Two of our members' close family members have low functioning autism, which case them to speak rarely or speak in a non-sequitur incoherent sentences. Specifically, when asking them questions, they will usually respond with only one or two word responses that do not match the context of the conversation. Other times they were an attempt at answer the question that was impeded with a lack of language skill.
Because these individuals with special needs are unable to communicate their needs, they rely on their caretakers to translate their thoughts.Because special needs children have such expensive therapy that is often not supported by government funds, special needs families are financially burdened to send their children to speech therapy on top of the other private therapy and classes.
In today's world where soft skills are more necessary than ever, we wanted to use modern natural language processing (NLP) techniques to help children with language processing issues. To make speech therapy widely accessible and affordable, we wanted to teach children to communicate in full coherent sentences and gain confidence in themselves in their language skills so they require less reliance on their caretakers.
What it does
The program comes with a set of open-ended questions that are designed to let the user talk about themselves, as well as example answers. When the program is running, the computer asks a question to the user, and the user should speak into the computer.
The computer then uses NLP-based methods to check for proper grammar, as well as relevancy to the question. If the user says something that is irrelevant or non-sequitur, the computer will prompt the user to answer again in an attempt to correct the user. For instance, if the user is prompted by "How are you today?" and the user responds with "I like monkeys", the computer will respond with a correction. However, if the user says something that is relevant but does not have proper grammar, the computer will attempt to create an improved sentence that uses the example answers as a template and substitutes in the new words, which the computer will them prompt the user to repeat. When the user repeats the proper sentence, the computer will indicate a success, and moves on to the next question.
How we built it
We used Python as the foundation for this project. For both text-to-speech and speech recognition, we used Google Cloud's libraries, which integrated well with Python. To grammar check, we used linkgrammar, an implementation of the Sleator/Temperley/Lafferty theory of natural language parsing of link grammar, where a sentence is constructed through relations (links) between different words. To check relevancy of the answer to the question, we used NLTK's Word2Vec as well as Sent2Vec through vector analysis which indicates the relevance from a scale from -1 to 1. If the user does not meet the relevance threshold, it will ask the user to try again. Finally, in order to do intelligent substitution, we used the Spacy Module to detect parts of speech to substitute and synonyms to suggest a intelligible sentence. Both LinkGrammar and Sent2Vec use sophisticated machine learning methods to detect coherence in sentences and similarity between sentences respectively.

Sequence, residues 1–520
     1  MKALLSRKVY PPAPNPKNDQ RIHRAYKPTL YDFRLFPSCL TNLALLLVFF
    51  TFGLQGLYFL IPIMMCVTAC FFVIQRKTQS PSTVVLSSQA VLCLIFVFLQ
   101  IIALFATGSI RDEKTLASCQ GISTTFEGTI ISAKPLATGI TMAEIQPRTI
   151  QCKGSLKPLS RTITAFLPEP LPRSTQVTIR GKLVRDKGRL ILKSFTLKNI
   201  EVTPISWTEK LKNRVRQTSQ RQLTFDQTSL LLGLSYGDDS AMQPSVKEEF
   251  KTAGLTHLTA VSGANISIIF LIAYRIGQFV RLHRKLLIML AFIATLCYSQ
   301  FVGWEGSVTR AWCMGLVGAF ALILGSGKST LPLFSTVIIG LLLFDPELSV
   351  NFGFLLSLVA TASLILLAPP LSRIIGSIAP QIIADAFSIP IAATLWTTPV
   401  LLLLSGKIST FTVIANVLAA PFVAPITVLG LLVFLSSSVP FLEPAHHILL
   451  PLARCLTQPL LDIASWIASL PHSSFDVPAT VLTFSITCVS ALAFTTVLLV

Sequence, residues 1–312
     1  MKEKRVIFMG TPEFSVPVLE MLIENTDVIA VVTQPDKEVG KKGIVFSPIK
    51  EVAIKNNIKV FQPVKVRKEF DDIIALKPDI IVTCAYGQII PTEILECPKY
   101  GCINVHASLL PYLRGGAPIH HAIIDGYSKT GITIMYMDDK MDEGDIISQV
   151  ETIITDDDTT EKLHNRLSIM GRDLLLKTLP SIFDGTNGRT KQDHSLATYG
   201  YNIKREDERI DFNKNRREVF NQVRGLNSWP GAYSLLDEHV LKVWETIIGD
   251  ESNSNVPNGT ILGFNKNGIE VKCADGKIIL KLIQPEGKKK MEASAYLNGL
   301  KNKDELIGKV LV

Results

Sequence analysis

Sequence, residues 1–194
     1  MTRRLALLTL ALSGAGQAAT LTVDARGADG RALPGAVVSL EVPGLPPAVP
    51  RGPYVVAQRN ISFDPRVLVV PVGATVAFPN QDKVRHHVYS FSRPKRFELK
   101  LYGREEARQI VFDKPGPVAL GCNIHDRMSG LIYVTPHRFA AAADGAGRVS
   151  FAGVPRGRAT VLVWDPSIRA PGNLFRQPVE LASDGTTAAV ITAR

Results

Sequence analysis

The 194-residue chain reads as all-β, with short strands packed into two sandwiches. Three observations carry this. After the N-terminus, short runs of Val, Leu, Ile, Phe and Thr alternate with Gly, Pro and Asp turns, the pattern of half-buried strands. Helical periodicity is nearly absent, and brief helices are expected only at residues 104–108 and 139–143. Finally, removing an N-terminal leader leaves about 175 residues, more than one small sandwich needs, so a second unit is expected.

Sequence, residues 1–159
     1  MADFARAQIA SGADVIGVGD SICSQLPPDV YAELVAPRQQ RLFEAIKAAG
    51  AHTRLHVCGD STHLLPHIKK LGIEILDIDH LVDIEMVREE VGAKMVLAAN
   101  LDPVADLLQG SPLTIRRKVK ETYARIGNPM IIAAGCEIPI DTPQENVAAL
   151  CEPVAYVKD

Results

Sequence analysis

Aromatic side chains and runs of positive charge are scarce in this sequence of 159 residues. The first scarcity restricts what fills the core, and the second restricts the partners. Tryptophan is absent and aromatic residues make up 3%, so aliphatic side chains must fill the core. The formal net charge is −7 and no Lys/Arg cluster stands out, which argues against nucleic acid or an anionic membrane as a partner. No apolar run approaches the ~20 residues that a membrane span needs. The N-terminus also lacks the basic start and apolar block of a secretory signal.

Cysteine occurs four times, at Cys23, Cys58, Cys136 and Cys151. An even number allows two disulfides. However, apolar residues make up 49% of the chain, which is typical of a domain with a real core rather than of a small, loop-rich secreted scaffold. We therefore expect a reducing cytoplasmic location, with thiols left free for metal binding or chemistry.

Challenges we ran into
Sorting out the dependencies between all of the different modules that we used was probably the biggest challenge we faced. Many of the essential libraries that we needed (google cloud, sent2vec, linkgrammar) were developed for different platforms or different versions of python, so getting them to all coordinate and integrate with each other took up a significant portion of our time. Furthermore, with the differences in our skillsets, we wanted to designate the work in an advantageous way while still letting each member of the team learn something new. Finding the right balance between optimizing for the project and optimizing for our own learning and self-improvement was another task that was far more challenging than initially expected.
Accomplishments that we're proud of
Helping special needs children with cutting edge technologies has made all of us extremely proud of the project that we created. Many of our team members have experienced firsthand the just how much of a struggle raising a child that learns differently from others is, and so the motivations for this project were very personal.
Completing this project was an incredible personal accomplishment, as we would be able to help those who are close to us who currently struggle immensely with regular teaching methods increasing the accessibility of our project.
Furthermore, on a grander scale, all of us recognize that special needs education is an area that many people overlook when discussing education in general. Thus, we hope that this project can help bring more attention to special needs education and the resources that those with learning difficulties require.
What we learned
This project required a deep understanding of linguistics that we often overlook. We learned computational linguistic tactics such as how to tokenize, stem, and lematize words to manipulate them properly.
This project prompted us to think about our thinking process when it comes to speaking in order for us to replicate an accurate AI. The thought in which individuals with special needs must go through to create coherent sentences is something we often take for granted.
We learned to develop a user-centric product that is tailored to their specific needs, we learned to put ourselves in their position to adapt to our audience.To identify areas our users might struggle in, we drafted flow charts to individualize each step of our thought process. Subsequently, we broke up our words into decision trees to formulate proper syntax and diction.
What's next for Speech Supporter
- Improving the performance of the substituting algorithm
- Generating more data from users to develop a more accurate machine learning pipeline†